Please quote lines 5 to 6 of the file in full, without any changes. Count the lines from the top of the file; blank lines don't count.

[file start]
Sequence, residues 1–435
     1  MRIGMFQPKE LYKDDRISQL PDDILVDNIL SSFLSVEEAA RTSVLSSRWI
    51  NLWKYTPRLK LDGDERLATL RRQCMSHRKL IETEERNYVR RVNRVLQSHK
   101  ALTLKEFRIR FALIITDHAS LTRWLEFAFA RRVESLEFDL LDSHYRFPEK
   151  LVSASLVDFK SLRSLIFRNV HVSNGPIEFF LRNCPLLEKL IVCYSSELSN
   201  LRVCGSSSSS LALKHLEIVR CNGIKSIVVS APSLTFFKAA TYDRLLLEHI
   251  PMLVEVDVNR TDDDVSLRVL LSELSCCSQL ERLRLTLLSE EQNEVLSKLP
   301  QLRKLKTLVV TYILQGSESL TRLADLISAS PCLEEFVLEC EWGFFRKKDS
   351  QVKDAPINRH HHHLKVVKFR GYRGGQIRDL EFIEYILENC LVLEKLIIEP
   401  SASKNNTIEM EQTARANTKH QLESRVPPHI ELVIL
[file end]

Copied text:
   151  LVSASLVDFK SLRSLIFRNV HVSNGPIEFF LRNCPLLEKL IVCYSSELSN
   201  LRVCGSSSSS LALKHLEIVR CNGIKSIVVS APSLTFFKAA TYDRLLLEHI